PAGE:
Free love

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Victoria Woodhull, who called for free love for women in 1872, was influenced by Charles Fourier .

Free love ( Engl. Free love ) was the demand of the 1870s in the United States resulting movement in which feminists such as Victoria Woodhull and later Emma Goldman advocate the establishment to free women from coercion, sexual for their economic power relationships without Having to enter into love, regardless of whether it is in the form of marriage or prostitution . The idea gained new attention when the birth control pill became available in the early 1960s and many countries in the western world were hit by the second wave of the women's movement .

At the same time, the 1968 movement turned "free love" into a slogan that demanded social acceptance of premarital and extramarital sexual activity. Many apologists for free love cited Wilhelm Reich , who had already argued in 1932 that sexual suppression was responsible for the neurotic misery of humanity.

Free love in the sense of the 1968 movement

With free love is called an attitude of people who love and sexuality without the observance of traditional social norms act out because they feel this as a restriction or intellectually as such define.

This includes that relationships according to the idea of sexual self-determination are defined exclusively and in partnership by those involved and are otherwise not subject to any requirements. This means that gender identity and the number of participants do not play a role, the duration and type of each individual relationship are not determined and the latter can be changed at any point in the relationship.

Conventional life concepts such as marriage are criticized as possessive , purely economically justified and unfree. Historically, there has been a development from originally more free sexuality to more free love today .


The concept of free love was increasingly established in the 1960s by supporters of Wilhelm Reich and representatives of the communal movement.

Since love is understood as a phenomenon inherently connected with freedom, representatives of free love are usually referred to simply as “love”, since the term “free love” is a pleonasm .

A popular proponent of this view is the psychologist Peter Lauster . He understands love as a psychological phenomenon, a perception-bound appearance that is experienced at the moment (i.e. does not represent a permanent state) and cannot be forced, but rather unfolds extremely badly under duress. Lauster understands institutions like marriage as outmoded constructs. In general, permanent phenomena - classic relationships - are potentially a hindrance to the unconditionally open, judgment-free perception of the partner.


This is preceded by historical developments since antiquity and in particular from the socialist movement since the middle of the 19th century, which criticized marriage as an institution and promoted love relationships without the interference of the state.

The early socialist Charles Fourier (1772–1837) already propagated communities ( Phalanstères ) in which people should live and work together, motivated and held together by free love, among other things. Beyond the communities, however, free love in Fourier's sense also means the unrestricted decision for any type of partnership and thus also includes two-way relationships, etc.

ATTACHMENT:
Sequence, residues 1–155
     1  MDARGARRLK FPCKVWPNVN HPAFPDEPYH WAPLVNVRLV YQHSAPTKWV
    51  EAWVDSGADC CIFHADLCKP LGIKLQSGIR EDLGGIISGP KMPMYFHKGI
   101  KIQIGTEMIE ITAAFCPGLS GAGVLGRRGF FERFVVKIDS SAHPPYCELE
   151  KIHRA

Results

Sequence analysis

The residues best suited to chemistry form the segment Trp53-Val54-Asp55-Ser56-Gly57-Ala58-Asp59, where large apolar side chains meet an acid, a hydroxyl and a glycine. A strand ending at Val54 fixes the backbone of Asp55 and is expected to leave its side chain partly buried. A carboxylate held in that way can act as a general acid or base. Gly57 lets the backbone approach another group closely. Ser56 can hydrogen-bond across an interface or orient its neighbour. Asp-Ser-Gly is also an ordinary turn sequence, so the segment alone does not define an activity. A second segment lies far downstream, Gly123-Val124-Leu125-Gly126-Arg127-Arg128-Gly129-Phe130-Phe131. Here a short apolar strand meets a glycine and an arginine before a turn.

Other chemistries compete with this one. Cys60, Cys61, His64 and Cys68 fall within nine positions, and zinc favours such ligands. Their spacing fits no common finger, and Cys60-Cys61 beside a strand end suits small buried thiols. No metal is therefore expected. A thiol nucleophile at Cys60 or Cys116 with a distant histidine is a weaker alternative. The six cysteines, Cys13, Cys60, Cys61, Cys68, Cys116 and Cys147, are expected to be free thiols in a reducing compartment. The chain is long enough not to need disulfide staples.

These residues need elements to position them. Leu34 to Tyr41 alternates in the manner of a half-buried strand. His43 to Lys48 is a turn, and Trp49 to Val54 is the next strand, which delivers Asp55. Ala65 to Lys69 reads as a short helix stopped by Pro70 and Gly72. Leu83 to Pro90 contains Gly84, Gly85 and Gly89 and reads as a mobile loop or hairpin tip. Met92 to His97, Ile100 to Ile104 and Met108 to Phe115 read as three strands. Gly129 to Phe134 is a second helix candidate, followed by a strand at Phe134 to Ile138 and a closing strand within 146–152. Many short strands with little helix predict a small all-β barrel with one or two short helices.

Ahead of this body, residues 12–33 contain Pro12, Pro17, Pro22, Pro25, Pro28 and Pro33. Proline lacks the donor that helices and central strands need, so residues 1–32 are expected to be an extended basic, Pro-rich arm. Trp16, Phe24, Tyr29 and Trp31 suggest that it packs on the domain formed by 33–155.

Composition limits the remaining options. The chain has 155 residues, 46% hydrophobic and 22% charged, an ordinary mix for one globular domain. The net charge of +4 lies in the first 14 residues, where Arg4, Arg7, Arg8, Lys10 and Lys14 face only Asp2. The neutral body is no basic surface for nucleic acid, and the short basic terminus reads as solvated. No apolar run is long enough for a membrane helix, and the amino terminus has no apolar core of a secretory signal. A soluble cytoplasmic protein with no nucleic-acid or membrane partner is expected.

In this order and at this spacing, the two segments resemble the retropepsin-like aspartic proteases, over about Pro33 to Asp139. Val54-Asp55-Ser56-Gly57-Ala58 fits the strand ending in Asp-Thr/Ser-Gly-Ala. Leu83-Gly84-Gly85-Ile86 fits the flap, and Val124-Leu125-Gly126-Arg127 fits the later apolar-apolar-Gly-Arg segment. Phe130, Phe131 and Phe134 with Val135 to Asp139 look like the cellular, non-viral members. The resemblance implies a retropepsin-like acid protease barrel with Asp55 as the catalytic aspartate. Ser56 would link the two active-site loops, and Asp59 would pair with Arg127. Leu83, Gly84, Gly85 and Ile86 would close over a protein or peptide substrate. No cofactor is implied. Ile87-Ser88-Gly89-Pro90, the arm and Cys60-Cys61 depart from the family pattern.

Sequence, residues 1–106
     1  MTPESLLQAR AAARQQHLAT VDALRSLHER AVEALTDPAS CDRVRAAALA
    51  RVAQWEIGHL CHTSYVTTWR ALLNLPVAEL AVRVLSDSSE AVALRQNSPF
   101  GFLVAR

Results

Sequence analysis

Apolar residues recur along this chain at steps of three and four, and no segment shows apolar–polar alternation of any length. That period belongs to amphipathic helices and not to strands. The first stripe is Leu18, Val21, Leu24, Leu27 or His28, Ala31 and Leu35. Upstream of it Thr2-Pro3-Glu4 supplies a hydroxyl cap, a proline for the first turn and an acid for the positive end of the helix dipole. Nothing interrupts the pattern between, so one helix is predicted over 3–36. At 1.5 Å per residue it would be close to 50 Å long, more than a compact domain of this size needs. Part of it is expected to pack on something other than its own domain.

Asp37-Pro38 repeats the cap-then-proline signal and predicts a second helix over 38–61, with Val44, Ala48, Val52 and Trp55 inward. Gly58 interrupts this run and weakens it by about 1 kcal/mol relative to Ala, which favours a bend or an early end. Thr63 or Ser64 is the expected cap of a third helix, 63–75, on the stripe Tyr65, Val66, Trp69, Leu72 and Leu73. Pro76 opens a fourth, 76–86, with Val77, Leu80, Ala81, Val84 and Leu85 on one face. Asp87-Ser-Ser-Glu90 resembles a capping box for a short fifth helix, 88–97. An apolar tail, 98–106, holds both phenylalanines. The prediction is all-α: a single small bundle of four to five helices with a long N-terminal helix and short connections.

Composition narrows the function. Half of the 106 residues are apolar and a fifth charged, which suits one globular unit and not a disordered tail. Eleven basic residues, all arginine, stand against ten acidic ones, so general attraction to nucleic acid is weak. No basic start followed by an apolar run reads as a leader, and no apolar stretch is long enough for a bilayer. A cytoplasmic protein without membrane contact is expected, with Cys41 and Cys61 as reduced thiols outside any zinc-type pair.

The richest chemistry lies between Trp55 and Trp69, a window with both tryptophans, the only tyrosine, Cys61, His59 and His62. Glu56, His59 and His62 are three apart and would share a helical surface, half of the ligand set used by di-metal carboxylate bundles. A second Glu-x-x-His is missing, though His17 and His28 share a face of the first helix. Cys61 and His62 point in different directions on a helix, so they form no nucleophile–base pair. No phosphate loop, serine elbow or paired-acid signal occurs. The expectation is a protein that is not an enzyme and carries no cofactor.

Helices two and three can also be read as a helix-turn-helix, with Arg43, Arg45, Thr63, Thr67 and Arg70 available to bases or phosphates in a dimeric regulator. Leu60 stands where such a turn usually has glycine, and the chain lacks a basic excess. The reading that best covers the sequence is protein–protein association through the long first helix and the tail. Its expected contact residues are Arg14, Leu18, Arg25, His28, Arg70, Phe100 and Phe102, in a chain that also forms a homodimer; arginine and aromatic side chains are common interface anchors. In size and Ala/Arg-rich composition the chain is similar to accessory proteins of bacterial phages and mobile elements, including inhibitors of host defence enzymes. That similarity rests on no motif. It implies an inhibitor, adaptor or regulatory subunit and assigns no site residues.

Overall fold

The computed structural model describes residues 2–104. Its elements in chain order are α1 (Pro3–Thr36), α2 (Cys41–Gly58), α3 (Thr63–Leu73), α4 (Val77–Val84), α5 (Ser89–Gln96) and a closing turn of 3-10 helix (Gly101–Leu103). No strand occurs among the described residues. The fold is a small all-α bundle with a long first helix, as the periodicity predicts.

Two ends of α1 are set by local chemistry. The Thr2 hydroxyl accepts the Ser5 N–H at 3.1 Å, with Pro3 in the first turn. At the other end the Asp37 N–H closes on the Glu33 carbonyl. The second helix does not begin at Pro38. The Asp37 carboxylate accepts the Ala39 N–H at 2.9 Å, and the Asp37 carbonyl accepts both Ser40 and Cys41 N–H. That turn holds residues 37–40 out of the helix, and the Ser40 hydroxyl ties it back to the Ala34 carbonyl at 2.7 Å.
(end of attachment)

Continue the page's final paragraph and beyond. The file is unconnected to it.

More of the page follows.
The concept of free love was first implemented in state policy in the Soviet Union during the Russian Revolution from 1917 onwards in various regional forms. The Russian revolutionary and later diplomat Alexandra Kollontai became a key propagandist for the new social and family order and pushed through in the young Soviet Union that marriage law was relaxed and maternity protection improved. She fought for the right to abortion and proposed popular kitchens and collective child rearing.

In theory, Wilhelm Reich contributed to the idea of ​​free love with his analysis of what he termed sexual compulsory morality and his writings on the sexual revolution , as did Herbert Marcuse , who spoke out in favor of the free exercise of sexuality and - connected with it - the dissolution of the nuclear family .

Marcuse and Reich had a major influence on the sexual revolution and the hippie movement, which also called itself the love generation and protested against the established social norms with the slogan Make love, not war . These demands for free love encountered simultaneous liberalizations of social reality, in which subjects such as premarital intercourse , wild marriages , homosexuality etc. were increasingly removed from the taboo . The spread of the birth control pill and movements like “ flower power ” contributed to the establishment of many ideas of free love in society.

Examples of communes that propagated free love or were: Commune I , AAO ( Muehl-Kommune ), ZEGG , Tamera .


An open relationship includes free sexuality, but not free love in an emotional sense.

In contrast, the polyamory movement today forms a kind of subculture that emphasizes the importance of communication and consent between all those involved.

The relationship anarchy goes even further and rejects the usual norms of partnerships in principle, but unlike free love also includes long-lasting relationships and relationships without sexuality.


Individual evidence

  1. David S. D'Amato: Free Love: Victoria Woodhull. Retrieved May 31, 2016 .
  2. a b Free Speech and Headlight . In: Tiffany K. Wayne, Lois Banner (Ed.): Women's Rights in the United States. A Comprehensive Encyclopedia of Issus, Events, and People . ABC-CLIO, Santa Barbara, CA 2015, ISBN 978-1-61069-214-4 , pp. 98 ( limited preview in Google Book search).
  3. Ernst Hanisch: Masculinity. Another 20th century story . Böhlau, Vienna / Cologne / Weimar 2005, ISBN 3-205-77314-4 , p. 193 ( limited preview in Google Book search).